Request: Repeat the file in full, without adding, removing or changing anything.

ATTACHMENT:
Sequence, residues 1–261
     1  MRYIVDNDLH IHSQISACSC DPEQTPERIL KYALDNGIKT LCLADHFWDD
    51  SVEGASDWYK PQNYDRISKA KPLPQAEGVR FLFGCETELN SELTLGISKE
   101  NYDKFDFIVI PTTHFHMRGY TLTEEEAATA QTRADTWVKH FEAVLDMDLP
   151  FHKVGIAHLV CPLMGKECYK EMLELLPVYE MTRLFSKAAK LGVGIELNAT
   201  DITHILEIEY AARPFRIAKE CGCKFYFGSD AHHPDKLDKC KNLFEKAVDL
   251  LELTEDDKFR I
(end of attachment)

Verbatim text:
Sequence, residues 1–261
     1  MRYIVDNDLH IHSQISACSC DPEQTPERIL KYALDNGIKT LCLADHFWDD
    51  SVEGASDWYK PQNYDRISKA KPLPQAEGVR FLFGCETELN SELTLGISKE
   101  NYDKFDFIVI PTTHFHMRGY TLTEEEAATA QTRADTWVKH FEAVLDMDLP
   151  FHKVGIAHLV CPLMGKECYK EMLELLPVYE MTRLFSKAAK LGVGIELNAT
   201  DITHILEIEY AARPFRIAKE CGCKFYFGSD AHHPDKLDKC KNLFEKAVDL
   251  LELTEDDKFR I